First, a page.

On October 28, 2019, four creditors of Legacy Education Alliance International Ltd. (“Legacy UK”), one of our UK subsidiaries, obtained an order from the High Court of Justice, Business and Property Courts of England and Wales (the “English Court”) with respect to the business and affairs of Legacy UK. Pursuant to the Administration Order of November 15, 2019, from the English Court, the two individuals appointed as administrators engaged a third-party to market Legacy UK’s business and assets for sale to one or more third parties. On November 26, 2019, Legacy UK’s assets and deferred revenues sold for £300 thousand (British pounds) to Mayflower Alliance LTD. We did not receive any proceeds from the sale of Legacy UK. Further details, including the resolution of claims and liabilities, and other information regarding the administration may not be forthcoming for several months. The impact of this transaction is reflected as a discontinued operation in the consolidated financial statements.

 

The major classes of assets and liabilities of the entities classified as discontinued operations were as follows:

  

  September 30,  December 31, 
  2021  2020 
  (in thousands) 
Major classes of assets      
Cash and cash equivalents $  $14 
Deferred course expenses     806 
Discontinued operations-current assets     820 
Other assets  33   34 
Total major classes of assets - discontinued operations $33  $854 
Major classes of liabilities        
Accounts payable $3,627  $3,698 
Accrued course expenses  585   593 
Other accrued expenses  437   1,582 
Deferred revenue  5,160   5,413 
Total major classes of liabilities - discontinued operations $9,809  $11,286 

 

10

 

 

The financial results of the discontinued operations are as follows:

 

  Three Months Ended
September 30,
  Nine Months Ended
September 30,
 
  2021  2020  2021  2020 
  (in thousands) 
Revenue $  $1,742  $40  $5,522 
Total operating costs and expenses     764   907   2,436 
(Loss) income from discontinued operations     978   (867)  3,086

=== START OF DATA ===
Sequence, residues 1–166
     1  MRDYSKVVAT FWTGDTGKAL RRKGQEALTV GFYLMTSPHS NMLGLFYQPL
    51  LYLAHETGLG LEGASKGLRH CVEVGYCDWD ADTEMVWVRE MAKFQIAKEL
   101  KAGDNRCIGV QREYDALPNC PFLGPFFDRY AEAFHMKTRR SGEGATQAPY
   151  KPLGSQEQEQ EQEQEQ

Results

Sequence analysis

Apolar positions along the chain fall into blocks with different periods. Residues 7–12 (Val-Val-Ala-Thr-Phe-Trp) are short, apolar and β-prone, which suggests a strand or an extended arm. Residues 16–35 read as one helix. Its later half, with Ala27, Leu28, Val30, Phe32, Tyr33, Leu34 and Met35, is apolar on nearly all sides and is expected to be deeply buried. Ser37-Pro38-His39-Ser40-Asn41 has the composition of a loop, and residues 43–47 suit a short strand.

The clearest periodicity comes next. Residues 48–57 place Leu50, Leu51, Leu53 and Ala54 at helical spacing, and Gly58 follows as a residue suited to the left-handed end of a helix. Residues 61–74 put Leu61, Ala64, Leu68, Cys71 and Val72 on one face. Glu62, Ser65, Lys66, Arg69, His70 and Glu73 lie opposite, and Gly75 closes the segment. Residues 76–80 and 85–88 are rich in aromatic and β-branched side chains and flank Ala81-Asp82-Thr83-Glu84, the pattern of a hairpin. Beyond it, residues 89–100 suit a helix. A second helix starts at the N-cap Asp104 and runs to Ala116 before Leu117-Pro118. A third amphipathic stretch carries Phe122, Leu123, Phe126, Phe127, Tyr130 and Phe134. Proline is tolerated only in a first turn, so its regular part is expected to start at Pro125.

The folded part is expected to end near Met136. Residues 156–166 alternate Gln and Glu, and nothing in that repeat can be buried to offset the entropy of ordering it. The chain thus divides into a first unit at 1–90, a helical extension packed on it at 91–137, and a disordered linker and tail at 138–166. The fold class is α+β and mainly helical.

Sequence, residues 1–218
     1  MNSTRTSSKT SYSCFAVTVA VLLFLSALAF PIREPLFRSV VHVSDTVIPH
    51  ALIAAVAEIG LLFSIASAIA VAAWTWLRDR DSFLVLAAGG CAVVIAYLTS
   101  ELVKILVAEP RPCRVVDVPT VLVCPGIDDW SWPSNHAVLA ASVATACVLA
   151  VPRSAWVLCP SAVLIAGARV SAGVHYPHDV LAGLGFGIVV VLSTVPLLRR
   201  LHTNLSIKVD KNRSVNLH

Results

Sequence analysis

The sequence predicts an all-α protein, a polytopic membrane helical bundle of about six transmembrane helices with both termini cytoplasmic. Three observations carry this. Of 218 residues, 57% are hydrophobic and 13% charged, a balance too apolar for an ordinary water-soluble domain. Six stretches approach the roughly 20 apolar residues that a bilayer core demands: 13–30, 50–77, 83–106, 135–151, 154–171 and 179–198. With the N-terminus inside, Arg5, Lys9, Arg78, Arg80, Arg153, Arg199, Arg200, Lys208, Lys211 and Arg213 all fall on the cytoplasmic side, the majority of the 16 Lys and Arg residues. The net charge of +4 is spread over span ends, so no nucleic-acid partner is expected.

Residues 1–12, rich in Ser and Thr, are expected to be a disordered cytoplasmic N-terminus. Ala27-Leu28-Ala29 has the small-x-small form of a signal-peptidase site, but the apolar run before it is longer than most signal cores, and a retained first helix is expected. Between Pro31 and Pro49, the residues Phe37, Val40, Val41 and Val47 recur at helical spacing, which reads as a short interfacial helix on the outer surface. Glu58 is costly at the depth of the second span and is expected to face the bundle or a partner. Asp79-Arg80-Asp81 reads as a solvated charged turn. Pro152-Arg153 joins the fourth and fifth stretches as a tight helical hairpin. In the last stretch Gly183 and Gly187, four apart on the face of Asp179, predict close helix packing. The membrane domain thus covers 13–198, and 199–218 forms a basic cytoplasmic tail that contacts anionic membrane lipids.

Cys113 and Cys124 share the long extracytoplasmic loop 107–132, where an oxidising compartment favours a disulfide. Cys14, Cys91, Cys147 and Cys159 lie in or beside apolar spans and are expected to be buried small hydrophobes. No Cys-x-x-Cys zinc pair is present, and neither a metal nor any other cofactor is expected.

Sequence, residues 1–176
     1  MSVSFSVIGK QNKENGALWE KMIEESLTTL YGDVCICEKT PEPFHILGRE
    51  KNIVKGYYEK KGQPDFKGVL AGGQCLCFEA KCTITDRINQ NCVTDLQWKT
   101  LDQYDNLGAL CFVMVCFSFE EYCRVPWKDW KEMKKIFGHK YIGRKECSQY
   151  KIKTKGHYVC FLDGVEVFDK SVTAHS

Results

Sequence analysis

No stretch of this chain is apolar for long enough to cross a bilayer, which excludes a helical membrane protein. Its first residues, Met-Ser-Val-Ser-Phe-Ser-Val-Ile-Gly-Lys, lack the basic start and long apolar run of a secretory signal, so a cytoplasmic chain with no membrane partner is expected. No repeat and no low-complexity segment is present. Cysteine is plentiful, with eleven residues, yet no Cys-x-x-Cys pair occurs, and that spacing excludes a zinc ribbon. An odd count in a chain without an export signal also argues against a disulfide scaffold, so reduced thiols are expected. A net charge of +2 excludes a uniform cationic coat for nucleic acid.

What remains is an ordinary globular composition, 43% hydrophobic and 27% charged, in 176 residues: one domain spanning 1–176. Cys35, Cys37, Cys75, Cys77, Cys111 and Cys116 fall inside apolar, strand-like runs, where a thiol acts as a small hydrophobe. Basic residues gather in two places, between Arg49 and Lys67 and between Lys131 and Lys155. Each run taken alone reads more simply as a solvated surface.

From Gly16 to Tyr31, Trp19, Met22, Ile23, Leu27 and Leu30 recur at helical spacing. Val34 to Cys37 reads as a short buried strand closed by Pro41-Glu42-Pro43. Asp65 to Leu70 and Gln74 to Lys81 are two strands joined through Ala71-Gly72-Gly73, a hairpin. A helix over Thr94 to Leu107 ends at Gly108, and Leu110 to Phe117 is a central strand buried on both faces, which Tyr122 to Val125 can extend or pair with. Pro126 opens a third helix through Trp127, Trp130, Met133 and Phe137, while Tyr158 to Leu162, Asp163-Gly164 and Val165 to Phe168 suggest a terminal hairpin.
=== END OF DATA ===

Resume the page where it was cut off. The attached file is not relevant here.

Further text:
Other expense, net     3   (80)  4 
Income tax benefit (expense)     (248)  1,118   (248)
Net income from discontinued operations $  $733  $171  $2,842 

 

Note 5 - Earnings Per Share (“EPS”)

 

Basic EPS is computed by dividing net income (loss) by the basic weighted-average number of shares outstanding during the period.

 

Diluted EPS is computed by dividing net income by the diluted weighted-average number of shares outstanding during the period and, accordingly, reflects the potential dilution that could occur if securities or other agreements to issue common stock, such as stock options, were exercised, settled or converted into common stock and were dilutive. The diluted weighted-average number of shares used in our diluted EPS calculation is determined using the treasury stock method for stock options and warrants, and the if-converted method for convertible notes. Under the if-converted method, the convertible notes are assumed to have been converted at the beginning of the period or at time of issuance, if later, and the resulting common shares are included in the denominator. For periods in which we recognize losses, the calculation of diluted loss per share is the same as the calculation of basic loss per share.

 

Unvested awards of share-based payments with rights to receive dividends or dividend equivalents, such as our restricted stock awards, are considered to be participating securities, and therefore, the two-class method is used for purposes of calculating EPS. Under the two-class method, a portion of net income is allocated to these participating securities and is excluded from the calculation of EPS allocated to common stock. Our restricted stock awards are subject to forfeiture and restrictions on transfer until vested and have identical voting, income and distribution rights to the unrestricted common shares outstanding.

 

Our weighted average unvested restricted stock awards outstanding were 2,328,043 and 114,282 for the three months ended September 30, 2021, and 2020, respectively, and 1,438,505 and 146,109 for the nine months ended September 30, 2021, and 2020, respectively.